memory man page
memory — Control Tcl memory debugging capabilities
The memory command gives the Tcl developer control of Tcl's memory debugging capabilities. The memory command has several suboptions, which are described below. It is only available when Tcl has been compiled with memory debugging enabled (when TCL_MEM_DEBUG is defined at compile time), and after Tcl_InitMemory has been called.
- memory active file
- Write a list of all currently allocated memory to the specified file.
- memory break_on_malloc count
- After the count allocations have been performed, ckalloc outputs a message to this effect and that it is now attempting to enter the C debugger. Tcl will then issue a SIGINT signal against itself. If you are running Tcl under a C debugger, it should then enter the debugger command mode.
- memory info
- Returns a report containing the total allocations and frees since Tcl began, the current packets allocated (the current number of calls to ckalloc not met by a corresponding call to ckfree), the current bytes allocated, and the maximum number of packets and bytes allocated.
- memory init [on|off]
- Turn on or off the pre-initialization of all allocated memory with bogus bytes. Useful for detecting the use of uninitialized values.
- memory objs file
- Causes a list of all allocated Tcl_Obj values to be written to the specified file immediately, together with where they were allocated. Useful for checking for leaks of values.
- memory onexit file
- Causes a list of all allocated memory to be written to the specified file during the finalization of Tcl's memory subsystem. Useful for checking that memory is properly cleaned up during process exit.
- memory tag string
- Each packet of memory allocated by ckalloc can have associated with it a string-valued tag. In the lists of allocated memory generated by memory active and memory onexit, the tag for each packet is printed along with other information about the packet. The memory tag command sets the tag value for subsequent calls to ckalloc to be string.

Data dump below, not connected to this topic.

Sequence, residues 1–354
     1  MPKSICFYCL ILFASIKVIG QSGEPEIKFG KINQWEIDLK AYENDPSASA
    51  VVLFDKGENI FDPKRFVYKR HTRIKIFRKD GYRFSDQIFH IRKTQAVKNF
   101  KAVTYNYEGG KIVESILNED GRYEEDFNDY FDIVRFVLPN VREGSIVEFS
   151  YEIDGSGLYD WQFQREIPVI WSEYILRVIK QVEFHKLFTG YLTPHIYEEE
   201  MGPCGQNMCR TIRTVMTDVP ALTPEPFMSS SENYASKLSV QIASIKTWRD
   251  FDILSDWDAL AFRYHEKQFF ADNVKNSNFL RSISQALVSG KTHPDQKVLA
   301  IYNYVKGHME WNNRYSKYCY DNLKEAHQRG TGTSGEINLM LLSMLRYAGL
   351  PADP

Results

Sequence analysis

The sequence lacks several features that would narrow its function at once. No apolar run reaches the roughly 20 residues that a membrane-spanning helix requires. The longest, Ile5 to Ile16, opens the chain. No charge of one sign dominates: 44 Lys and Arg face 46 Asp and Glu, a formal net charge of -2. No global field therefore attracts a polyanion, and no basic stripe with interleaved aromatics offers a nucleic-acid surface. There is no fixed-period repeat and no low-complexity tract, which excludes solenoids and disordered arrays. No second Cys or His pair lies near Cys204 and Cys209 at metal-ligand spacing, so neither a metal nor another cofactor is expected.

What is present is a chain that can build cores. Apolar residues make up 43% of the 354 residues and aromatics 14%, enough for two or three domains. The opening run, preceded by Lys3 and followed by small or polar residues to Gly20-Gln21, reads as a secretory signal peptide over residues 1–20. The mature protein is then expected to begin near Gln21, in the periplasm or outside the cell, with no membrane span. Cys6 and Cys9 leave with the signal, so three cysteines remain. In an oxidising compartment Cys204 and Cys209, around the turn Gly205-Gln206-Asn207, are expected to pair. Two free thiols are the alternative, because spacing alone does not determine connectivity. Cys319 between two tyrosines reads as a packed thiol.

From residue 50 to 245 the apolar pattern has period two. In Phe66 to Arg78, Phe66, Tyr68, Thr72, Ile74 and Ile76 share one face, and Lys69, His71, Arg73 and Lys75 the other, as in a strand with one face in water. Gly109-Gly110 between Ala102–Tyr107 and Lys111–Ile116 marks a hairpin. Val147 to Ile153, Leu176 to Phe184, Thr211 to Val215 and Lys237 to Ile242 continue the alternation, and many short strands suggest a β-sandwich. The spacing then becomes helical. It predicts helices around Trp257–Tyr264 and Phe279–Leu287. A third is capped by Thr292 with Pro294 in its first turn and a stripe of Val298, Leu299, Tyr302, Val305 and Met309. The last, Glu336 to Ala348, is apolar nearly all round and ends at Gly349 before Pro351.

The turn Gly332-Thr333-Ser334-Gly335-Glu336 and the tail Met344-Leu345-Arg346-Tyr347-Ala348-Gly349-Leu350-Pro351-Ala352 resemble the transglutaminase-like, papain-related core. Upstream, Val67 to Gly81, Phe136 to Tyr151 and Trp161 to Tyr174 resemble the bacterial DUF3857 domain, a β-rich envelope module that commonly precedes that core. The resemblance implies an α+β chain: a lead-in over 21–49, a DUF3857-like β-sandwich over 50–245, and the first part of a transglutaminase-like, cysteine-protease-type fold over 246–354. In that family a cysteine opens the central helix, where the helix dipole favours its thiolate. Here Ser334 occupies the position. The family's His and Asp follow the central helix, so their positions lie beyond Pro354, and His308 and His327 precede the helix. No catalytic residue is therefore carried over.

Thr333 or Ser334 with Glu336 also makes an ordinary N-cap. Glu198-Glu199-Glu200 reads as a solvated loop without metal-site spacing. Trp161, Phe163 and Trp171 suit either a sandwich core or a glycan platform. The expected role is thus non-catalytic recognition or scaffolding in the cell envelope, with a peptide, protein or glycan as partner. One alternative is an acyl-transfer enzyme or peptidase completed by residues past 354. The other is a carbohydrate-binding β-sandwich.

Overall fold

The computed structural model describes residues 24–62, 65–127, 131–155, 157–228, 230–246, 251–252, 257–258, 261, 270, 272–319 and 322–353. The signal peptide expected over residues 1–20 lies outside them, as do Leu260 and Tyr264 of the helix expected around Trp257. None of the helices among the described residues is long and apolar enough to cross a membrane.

- memory trace [on|off]
Turns memory tracing on or off. When memory tracing is on, every call to ckalloc causes a line of trace information to be written to stderr, consisting of the word ckalloc, followed by the address returned, the amount of memory allocated, and the C filename and line number of the code performing the allocation. For example:
ckalloc 40e478 98 tclProc.c 1406
Calls to ckfree are traced in the same manner.
- memory trace_on_at_malloc count
- Enable memory tracing after count ckallocs have been performed. For example, if you enter memory trace_on_at_malloc 100, after the 100th call to ckalloc, memory trace information will begin being displayed for all allocations and frees. Since there can be a lot of memory activity before a problem occurs, judicious use of this option can reduce the slowdown caused by tracing (and the amount of trace information produced), if you can identify a number of allocations that occur before the problem sets in. The current number of memory allocations that have occurred since Tcl started is printed on a guard zone failure.
- memory validate [on|off]
- Turns memory validation on or off. When memory validation is enabled, on every call to ckalloc or ckfree, the guard zones are checked for every piece of memory currently in existence that was allocated by ckalloc. This has a large performance impact and should only be used when overwrite problems are strongly suspected. The advantage of enabling memory validation is that a guard zone overwrite can be detected on the first call to ckalloc or ckfree after the overwrite occurred, rather than when the specific memory with the overwritten guard zone(s) is freed, which may occur long after the overwrite occurred.
ckalloc, ckfree, Tcl_ValidateAllMemory, Tcl_DumpActiveMemory, TCL_MEM_DEBUG
8.1 Tcl Tcl Built-In Commands